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Bible verses about Death and Hades
(From Forerunner Commentary)

Genesis 3:4

Satan's heresy that "You shall not surely die," when expanded, claims that we are already immortal, so death has no real hold over us. This idea, proposed at the very beginning, has thrived throughout history. Mainstream Christianity calls it the doctrine of the immortality of the soul, while various Eastern religions contain it in beliefs such as reincarnation. Whatever its moniker, the belief that human beings possess a spiritual, eternally conscious, imperishable component is a major tenet of nearly every religion throughout man's history. In our modern culture, books and movies abound with examples of the spirits of the dead hovering around the living characters, giving them comfort, aid, and encouragement. It is taken as given that death is not the end; somehow, one's conscious spirit will live on when the physical body perishes.

The Gnostic belief in the dualism of flesh and spirit—with the flesh being evil and something to be freed from, while the eternal spirit was good—also originated in the lie Satan told Eve. Gnostics, in general, believed that the purpose of human existence was to return to the spiritual realm from whence all originated. Death, then, was seen as liberation of the spirit.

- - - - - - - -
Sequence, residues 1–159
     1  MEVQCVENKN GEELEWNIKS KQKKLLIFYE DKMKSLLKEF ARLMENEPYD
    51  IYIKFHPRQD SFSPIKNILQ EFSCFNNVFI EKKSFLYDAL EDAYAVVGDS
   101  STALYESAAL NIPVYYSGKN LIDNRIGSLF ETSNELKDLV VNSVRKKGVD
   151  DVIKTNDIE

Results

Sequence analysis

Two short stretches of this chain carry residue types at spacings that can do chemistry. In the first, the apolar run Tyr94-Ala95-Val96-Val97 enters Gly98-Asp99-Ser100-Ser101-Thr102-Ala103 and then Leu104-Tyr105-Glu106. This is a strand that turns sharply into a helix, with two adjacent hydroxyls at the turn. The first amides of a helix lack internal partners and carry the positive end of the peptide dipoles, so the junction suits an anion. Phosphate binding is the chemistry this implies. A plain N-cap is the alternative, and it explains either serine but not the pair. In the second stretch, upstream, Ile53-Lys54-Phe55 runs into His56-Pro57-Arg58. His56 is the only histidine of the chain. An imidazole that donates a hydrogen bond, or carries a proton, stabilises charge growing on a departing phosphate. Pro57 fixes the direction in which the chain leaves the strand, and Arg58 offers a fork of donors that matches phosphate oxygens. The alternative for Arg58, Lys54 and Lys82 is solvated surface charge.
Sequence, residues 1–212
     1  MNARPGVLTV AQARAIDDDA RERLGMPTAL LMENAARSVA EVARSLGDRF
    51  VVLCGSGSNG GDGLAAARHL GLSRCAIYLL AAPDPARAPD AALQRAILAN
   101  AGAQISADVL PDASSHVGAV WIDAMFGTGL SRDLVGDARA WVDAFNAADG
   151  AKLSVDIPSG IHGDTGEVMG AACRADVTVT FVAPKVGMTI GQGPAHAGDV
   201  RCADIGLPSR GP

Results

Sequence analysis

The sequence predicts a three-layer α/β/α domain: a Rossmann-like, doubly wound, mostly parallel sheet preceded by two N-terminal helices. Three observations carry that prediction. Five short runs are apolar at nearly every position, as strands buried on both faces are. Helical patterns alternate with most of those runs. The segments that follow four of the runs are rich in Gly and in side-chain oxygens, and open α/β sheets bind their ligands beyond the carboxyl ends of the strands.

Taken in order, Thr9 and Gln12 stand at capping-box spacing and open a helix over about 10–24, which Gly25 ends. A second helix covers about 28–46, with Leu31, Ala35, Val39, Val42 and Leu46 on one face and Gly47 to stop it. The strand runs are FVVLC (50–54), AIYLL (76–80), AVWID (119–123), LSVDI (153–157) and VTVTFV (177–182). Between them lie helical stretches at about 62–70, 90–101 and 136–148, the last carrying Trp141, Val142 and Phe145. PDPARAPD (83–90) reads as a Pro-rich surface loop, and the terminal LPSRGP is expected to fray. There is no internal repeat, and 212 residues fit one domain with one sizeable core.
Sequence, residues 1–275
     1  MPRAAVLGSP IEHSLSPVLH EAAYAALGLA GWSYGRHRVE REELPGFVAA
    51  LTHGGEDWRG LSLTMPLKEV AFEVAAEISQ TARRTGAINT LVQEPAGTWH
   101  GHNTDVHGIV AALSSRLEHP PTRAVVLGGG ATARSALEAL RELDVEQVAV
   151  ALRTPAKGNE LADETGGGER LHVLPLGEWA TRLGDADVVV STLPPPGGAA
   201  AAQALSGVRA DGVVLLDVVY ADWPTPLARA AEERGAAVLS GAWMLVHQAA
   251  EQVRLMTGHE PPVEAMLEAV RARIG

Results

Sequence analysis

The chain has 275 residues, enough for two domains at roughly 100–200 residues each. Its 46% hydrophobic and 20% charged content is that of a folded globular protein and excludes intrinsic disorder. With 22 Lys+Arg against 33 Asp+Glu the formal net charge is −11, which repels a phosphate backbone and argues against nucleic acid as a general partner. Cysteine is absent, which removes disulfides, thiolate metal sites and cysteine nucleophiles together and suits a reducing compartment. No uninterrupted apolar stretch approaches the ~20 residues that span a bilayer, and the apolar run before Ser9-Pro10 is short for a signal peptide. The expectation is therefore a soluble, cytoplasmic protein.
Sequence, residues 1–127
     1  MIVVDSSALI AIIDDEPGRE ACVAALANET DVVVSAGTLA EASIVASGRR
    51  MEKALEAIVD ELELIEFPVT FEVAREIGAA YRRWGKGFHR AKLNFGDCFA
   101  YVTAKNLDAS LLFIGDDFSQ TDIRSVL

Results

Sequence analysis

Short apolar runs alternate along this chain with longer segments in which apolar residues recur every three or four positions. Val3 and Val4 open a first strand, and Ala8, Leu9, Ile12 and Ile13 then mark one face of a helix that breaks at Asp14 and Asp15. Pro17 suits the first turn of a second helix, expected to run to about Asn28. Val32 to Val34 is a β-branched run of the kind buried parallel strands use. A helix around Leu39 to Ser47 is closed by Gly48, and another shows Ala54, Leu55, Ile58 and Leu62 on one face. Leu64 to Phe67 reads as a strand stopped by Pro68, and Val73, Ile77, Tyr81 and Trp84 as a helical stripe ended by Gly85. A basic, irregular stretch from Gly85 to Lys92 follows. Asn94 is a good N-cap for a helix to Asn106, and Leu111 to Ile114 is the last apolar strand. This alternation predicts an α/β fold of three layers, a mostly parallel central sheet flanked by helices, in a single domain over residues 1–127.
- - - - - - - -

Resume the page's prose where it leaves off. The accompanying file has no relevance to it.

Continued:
First, consider how this belief affects a person's attitude and way of life. When Satan undermined the death penalty for disobedience, in addition to sowing further distrust in what God says, he also blunted one of the keenest elements of human motivation, continued self-preservation. If life beyond the grave is assured, how this life is lived makes little difference. It is like guaranteeing a college freshman that he will receive a doctorate degree, regardless of whether anything is learned, any work is done, any classes are attended, or any tuition is paid. While the student may indeed expend some effort, the motivation to apply himself wholeheartedly to his education will be substantially weakened. It would be so easy to slack off and postpone catching up to some time next week. After all, if the goal is certain, why worry about the details in the meantime?